Disruption is when the conditions of business change because of some new tool or way of doing things that renders another process completely or partially obsolete.
Currently, we still need people to transcribe print documents (and there are hundreds of people on Fiverr offering that as a service) because highly accurate OCR scanning is still not affordable to the general public. Once the software to convert printed documents to digital ones with a high degree of accuracy becomes widely available, those transcribers will become obsolete.
Similarly, the invention of the PC, the calculator, the iPhone, and other technologies has massively disrupted the ways in which we work and play.
This means that everyone needs to keep their skills up-to-date. Web developers and programmers are used to this constant self-reinvention, but other workers have been less exposed to this type of skills churn.
No more 'business as usual'
It is hard to predict what will be the next disruption. Blackberry could not have predicted the iPhone - but once it appeared and became mega-successful, they should have been looking at what features it had that made it so successful, and whether this had any implications for their product.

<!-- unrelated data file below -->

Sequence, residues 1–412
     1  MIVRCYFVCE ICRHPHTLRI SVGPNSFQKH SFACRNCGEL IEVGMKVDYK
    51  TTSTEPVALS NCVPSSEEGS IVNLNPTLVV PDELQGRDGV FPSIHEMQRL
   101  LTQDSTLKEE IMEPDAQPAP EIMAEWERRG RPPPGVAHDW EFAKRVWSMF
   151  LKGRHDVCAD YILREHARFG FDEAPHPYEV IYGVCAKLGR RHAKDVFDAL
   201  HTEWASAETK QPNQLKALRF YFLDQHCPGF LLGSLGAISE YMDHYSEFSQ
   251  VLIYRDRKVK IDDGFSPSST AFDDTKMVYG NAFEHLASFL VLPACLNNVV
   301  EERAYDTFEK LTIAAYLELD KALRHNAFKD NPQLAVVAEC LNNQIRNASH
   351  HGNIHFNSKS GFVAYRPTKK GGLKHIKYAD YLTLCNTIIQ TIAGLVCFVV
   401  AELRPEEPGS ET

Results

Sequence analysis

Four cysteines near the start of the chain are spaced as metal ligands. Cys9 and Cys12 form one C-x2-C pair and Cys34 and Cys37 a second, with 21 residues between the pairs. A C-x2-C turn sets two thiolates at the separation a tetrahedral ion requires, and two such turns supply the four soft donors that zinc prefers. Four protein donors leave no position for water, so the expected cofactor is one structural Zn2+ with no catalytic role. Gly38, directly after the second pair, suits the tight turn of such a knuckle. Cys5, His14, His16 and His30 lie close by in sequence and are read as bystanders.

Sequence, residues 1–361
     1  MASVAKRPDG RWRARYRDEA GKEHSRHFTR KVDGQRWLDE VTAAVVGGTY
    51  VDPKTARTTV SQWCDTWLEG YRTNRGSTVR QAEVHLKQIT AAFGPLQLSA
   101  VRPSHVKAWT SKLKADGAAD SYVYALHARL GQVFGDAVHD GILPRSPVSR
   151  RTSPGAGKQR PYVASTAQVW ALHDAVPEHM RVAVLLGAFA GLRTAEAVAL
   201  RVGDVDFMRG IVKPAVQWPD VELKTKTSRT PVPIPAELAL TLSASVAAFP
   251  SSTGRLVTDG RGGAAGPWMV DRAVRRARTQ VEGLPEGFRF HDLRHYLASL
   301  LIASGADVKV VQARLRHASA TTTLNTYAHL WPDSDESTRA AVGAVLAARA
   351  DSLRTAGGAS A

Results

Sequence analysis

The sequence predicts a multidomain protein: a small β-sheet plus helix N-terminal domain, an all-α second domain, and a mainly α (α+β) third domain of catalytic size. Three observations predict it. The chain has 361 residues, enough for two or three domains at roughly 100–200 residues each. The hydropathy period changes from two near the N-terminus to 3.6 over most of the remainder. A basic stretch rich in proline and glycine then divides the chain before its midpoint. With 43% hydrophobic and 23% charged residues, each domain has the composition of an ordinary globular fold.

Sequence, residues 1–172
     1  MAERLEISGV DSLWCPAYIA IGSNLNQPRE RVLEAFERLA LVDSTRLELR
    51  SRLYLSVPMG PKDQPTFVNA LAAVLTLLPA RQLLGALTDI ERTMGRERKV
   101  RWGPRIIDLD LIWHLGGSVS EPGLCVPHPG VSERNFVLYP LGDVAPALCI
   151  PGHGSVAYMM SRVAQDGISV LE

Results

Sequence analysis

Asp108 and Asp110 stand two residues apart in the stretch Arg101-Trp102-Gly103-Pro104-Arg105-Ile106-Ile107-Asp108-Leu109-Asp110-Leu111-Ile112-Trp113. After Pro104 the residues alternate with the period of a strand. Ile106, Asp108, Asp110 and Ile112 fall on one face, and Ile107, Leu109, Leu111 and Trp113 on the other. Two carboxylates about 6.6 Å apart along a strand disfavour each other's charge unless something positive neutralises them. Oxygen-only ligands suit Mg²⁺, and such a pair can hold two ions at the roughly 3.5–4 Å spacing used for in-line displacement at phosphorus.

Companies can no longer expect to develop a product or service and keep on offering the same old, same old, year after year. They will get overtaken by newer competitors who have developed the 'killer app' of the moment.
The irony is that many organizations fail precisely because their leaders made good decisions for one particular point in time — the very same kind of good decisions that had made those companies successful for decades—and then they failed to recognize that times change, and past choices fade in appropriateness. These companies failed to reinvent themselves in the process, and were replaced by newer competitors unburdened by the legacy of success.